RBI pushes for retail loans to counter slowdown

Reserve Bank of India. (PTI Photo)

In a move that could spur consumer spending ahead of festive season, the Reserve Bank of India (RBI) on Thursday issued guidelines to banks to bring down risk weight for all consumer loans — barring credit cards — to 100% from the prevailing 125%.

Risk weight refers to the profile of the borrower. Risk-weighted assets are used to determine the minimum amount of capital that must be held by banks and other institutions to reduce the risk of insolvency. Conversely, a reduction in risk weight can free up capital and allow banks to lend more.

Barring credit cards from such loans would however mean that the banks would continue to charge higher on credit card loans.

The 125% risk weight is higher than Basel III and may have been set at a time when loan growth to consumers and small companies was higher.

After these guidelines, which are expected to be implemented with immediate effect, the banks will charge a lower rate on loans such as home, auto or other personal segments.

In a statement issued late Thursday evening, the central bank said, “Under the standardised approach for credit risk management, all unsecured consumer credit, including personal loans and credit card receivables, which are both unsecured lending, attract a higher risk weight of 125% or higher, if warranted by an external rating of the counter party.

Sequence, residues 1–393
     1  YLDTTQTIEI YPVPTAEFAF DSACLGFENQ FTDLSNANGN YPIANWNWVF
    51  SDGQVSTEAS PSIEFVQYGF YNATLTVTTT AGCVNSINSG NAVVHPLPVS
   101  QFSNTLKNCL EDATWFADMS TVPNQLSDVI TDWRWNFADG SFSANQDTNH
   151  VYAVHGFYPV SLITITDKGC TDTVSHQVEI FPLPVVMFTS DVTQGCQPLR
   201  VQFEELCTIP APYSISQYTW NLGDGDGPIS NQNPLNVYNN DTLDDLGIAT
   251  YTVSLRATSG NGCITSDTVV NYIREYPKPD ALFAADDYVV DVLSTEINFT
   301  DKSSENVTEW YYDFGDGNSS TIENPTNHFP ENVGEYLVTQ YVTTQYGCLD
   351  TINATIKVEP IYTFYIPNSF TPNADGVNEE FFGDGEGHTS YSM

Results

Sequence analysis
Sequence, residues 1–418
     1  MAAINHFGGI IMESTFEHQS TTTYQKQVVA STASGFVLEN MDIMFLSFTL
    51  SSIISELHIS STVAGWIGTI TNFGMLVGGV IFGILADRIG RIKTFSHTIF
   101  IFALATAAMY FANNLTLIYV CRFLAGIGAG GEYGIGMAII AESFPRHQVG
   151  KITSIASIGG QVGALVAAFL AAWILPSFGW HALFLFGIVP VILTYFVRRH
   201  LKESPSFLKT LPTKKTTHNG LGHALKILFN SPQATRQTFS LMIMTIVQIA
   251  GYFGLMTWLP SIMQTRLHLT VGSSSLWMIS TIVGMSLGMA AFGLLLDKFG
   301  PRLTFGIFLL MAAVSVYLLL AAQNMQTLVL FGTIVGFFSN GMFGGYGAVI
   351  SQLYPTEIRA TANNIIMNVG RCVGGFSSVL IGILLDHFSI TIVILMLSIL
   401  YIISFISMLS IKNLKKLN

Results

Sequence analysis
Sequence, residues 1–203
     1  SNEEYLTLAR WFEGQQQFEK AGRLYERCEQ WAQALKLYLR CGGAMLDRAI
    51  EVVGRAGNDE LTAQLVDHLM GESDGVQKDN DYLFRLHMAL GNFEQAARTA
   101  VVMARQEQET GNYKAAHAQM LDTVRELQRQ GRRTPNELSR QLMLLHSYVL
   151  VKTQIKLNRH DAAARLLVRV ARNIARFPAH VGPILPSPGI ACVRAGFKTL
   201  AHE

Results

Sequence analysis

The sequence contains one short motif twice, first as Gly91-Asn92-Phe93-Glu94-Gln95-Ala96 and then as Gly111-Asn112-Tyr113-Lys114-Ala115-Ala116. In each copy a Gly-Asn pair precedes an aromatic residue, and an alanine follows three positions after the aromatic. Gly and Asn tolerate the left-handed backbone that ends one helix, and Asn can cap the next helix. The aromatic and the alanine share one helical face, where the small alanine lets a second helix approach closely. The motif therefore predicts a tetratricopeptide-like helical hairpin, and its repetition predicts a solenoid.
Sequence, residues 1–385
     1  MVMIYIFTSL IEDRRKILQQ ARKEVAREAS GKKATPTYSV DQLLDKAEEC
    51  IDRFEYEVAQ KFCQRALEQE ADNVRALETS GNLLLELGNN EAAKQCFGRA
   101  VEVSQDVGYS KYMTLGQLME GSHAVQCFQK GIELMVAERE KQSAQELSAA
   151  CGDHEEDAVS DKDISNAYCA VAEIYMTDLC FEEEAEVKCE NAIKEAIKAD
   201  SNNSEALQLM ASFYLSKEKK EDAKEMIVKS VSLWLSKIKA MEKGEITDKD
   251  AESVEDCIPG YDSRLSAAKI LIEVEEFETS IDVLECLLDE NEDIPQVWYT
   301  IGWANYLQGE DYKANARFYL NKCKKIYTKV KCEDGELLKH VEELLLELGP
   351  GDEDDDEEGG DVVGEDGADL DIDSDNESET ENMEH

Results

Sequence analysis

“On a review, it has been decided to reduce the risk weight for consumer credit, including personal loans, but excluding credit card receivables, to 100%. Other stipulations remain the same.”

Though the RBI had expressed its intent to reduce risk weight on August 7 monetary policy review, it had said it would issue a guideline to banks on a later date.

Experts, however, said that the banks would still charge higher interest rate from borrowers having poor credit score.

The RBI also decided that a bank’s exposure to a single NBFC (excluding gold loan companies) would be restricted to 20% of that bank’s eligible capital base, from existing 15%.

“Bank finance to NBFCs predominantly engaged in lending against gold will continue to be governed by limits prescribed earlier,” said the statement.

This is the second such move by the RBI in the past couple of weeks aimed at boosting credit flow from banks to borrowers.

Last week, the central bank had made it mandatory for banks to issue loan offerings that were linked to external benchmarking.

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